However, the denial of any economic impact in the second case is not fully convincing. Many people prefer to watch movies in their original version, particularly if this is the English one. Many cinemas offer both original and dubbed versions of foreign movies. Moreover, unlike in Germany or France, it is not common in Eastern Europe to dub all movies, so a significant percentage of the people there are accustomed to watching movies in English. It is therefore unclear why people from Russian-speaking countries would not be at least interested in the original language version of the movie in this case—which would have an economic impact on the plaintiff's rights.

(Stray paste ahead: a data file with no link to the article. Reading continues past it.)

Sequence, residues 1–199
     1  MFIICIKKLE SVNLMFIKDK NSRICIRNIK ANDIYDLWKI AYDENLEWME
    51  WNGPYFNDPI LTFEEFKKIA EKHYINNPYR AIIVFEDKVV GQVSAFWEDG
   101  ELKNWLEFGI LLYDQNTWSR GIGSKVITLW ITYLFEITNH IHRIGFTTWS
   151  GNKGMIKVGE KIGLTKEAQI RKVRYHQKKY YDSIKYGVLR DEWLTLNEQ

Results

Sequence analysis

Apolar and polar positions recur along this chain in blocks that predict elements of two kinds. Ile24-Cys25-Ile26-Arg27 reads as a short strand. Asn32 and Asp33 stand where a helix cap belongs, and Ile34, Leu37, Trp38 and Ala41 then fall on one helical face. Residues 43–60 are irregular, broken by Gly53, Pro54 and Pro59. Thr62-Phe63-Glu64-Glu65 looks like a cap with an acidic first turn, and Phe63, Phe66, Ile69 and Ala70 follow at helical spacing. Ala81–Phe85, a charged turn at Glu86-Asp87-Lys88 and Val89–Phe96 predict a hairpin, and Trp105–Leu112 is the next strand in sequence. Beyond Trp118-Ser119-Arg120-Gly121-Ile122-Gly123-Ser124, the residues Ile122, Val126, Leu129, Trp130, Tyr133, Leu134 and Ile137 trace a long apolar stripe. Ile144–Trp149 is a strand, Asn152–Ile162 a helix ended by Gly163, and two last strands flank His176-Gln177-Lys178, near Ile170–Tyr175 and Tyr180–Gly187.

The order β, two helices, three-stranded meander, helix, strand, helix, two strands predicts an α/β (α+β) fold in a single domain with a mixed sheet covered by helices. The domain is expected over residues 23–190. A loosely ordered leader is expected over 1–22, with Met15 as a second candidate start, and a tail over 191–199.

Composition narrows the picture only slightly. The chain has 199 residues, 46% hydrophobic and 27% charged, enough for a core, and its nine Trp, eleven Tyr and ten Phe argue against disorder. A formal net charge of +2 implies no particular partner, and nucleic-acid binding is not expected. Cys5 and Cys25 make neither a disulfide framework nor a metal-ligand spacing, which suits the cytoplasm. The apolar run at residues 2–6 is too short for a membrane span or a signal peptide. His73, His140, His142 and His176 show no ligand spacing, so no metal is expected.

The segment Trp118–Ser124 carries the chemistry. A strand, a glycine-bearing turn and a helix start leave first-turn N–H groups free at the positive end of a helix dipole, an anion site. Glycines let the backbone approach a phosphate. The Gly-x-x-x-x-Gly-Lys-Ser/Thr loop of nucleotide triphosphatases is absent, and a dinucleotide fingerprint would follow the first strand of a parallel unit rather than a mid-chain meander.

The decisions demonstrate the importance of drafting licence agreements carefully. This applies all the more as s 31(5) of the German Copyright Act states that, if the types of exploitation are not specifically designated when an exploitation right is granted, the types of use to which the right extends shall be determined in accordance with the purpose envisaged by both parties to the contract. This also applies, among other things, to the questions of whether an exploitation right has in fact been granted, whether that right is exclusive or non-exclusive, and how far the exploitation right and the right of prohibition extend. As a result, if not specifically stated otherwise in the agreement, copyright tends to remain with the author.